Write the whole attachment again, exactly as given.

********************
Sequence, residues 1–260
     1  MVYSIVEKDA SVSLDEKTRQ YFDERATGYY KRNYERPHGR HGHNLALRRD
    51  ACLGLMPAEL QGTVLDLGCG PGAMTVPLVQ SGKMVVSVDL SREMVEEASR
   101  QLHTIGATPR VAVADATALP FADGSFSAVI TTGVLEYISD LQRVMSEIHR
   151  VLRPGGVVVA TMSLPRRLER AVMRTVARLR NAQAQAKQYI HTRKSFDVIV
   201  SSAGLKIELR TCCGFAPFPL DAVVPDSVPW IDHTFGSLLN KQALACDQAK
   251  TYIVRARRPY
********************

Sequence, residues 1–260
     1  MVYSIVEKDA SVSLDEKTRQ YFDERATGYY KRNYERPHGR HGHNLALRRD
    51  ACLGLMPAEL QGTVLDLGCG PGAMTVPLVQ SGKMVVSVDL SREMVEEASR
   101  QLHTIGATPR VAVADATALP FADGSFSAVI TTGVLEYISD LQRVMSEIHR
   151  VLRPGGVVVA TMSLPRRLER AVMRTVARLR NAQAQAKQYI HTRKSFDVIV
   201  SSAGLKIELR TCCGFAPFPL DAVVPDSVPW IDHTFGSLLN KQALACDQAK
   251  TYIVRARRPY